The former Tartan Tour No 1, who was sharing the halfway lead in the co-sanctioned European Tour and Challenge Tour event, closed with a one-over 72 in tough conditions for a one-under 283.
Stirling pro Lee finished seven shots behind runaway leader Matt Zions of Australia, who coasted to his first European title with a 69 for 276.
Lee picked up a career-best cheque for 39,571 and moved to third on the Challenge Tour rankings.
"It was always going to be a bit far-fetched to catch Matt, but I'm delighted to finish in a share of second," said Lee. "It's a great achievement and the money will take care of the rest of the season."
Alastair Forsyth shared 12th on 285, while Steven O'Hara (292), Callum Macaulay (293) and Jack Doherty (299) finished down the field.
Zions emulated the sort of dominance being shown by Rory McIlroy in America with a seven-shot victory. With the majority of golf's leading lights trailing in McIlroy's wake at the US Open, it was the perfect opportunity for one of the sport's less celebrated players to shine and Zions took full advantage.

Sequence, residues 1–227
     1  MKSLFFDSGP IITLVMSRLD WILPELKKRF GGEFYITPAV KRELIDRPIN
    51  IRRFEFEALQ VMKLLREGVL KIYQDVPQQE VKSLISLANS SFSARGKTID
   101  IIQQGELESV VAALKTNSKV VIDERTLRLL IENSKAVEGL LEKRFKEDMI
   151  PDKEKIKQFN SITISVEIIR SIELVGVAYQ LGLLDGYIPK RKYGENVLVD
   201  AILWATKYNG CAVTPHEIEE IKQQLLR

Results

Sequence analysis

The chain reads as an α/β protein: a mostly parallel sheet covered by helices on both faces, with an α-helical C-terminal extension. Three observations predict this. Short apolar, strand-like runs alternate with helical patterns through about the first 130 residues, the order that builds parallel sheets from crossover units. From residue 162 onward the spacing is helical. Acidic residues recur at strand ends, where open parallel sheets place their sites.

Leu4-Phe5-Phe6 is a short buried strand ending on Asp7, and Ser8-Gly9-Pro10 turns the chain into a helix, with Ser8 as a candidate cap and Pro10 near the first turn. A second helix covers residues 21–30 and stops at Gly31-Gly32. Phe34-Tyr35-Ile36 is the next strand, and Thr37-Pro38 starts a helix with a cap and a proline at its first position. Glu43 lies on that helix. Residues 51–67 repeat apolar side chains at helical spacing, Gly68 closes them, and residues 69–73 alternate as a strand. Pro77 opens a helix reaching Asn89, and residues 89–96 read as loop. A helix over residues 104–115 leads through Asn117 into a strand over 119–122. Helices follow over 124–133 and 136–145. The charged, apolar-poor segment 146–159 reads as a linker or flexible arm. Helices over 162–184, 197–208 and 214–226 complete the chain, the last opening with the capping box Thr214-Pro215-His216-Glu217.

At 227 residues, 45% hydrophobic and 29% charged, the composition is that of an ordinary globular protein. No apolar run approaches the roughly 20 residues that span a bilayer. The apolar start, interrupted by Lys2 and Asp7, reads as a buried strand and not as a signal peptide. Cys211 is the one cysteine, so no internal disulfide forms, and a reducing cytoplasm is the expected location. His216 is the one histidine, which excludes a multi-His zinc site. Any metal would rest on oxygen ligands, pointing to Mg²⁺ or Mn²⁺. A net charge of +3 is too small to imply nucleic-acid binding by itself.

The 32-year-old carded a two-under round of 69 to win by seven strokes from Lee, England's Daniel Denison, Peter Gustafsson of Sweden - the only other three men to finish under par for the tournament.
Denison was one of a group of three just three shots off the lead overnight, but he hit a 73 to fall out of contention, while the other two fared worse, George Coetzee and Federico Colombo carding a 75 and a 76 respectively.
Zions hit a bogey at the par-four fifth but by that time his closest challengers had dropped out and he went on to card four birdies against one further bogey to win with plenty to spare, claiming a first prize of €100,000.
"It feels like I'm dreaming," said Zions. "The last four holes I was wondering when I could start thinking about winning, and when would be too soon that it tempted fate. I had a lump in my throat a couple of times.
"This is a huge day, it's hard to believe. My ball striking was great all week and I hardly missed any greens. We're not out here just to collect the cheque. It was nice to feel those butterflies this morning and feel the adrenaline as I was coming down the stretch. That's why we play. If I was one or two ahead I might've been more nervous. But I tried to treat it like any other round, and on the second I hit a beautiful four iron 220 yards to about 20 feet, so that settled me a lot. I knew it would be tough for the other guys to catch me with low scores in these conditions, so I just tried to be sensible."I'm supposed to be playing French Open qualifying tomorrow but there's no chance I'm going to that now."
Englishman David Dixon's hole in one at the 17th helped him to a 68, the best of the day alongside compatriot Chris Lloyd, with both men finishing among a seven-way tie for 17th.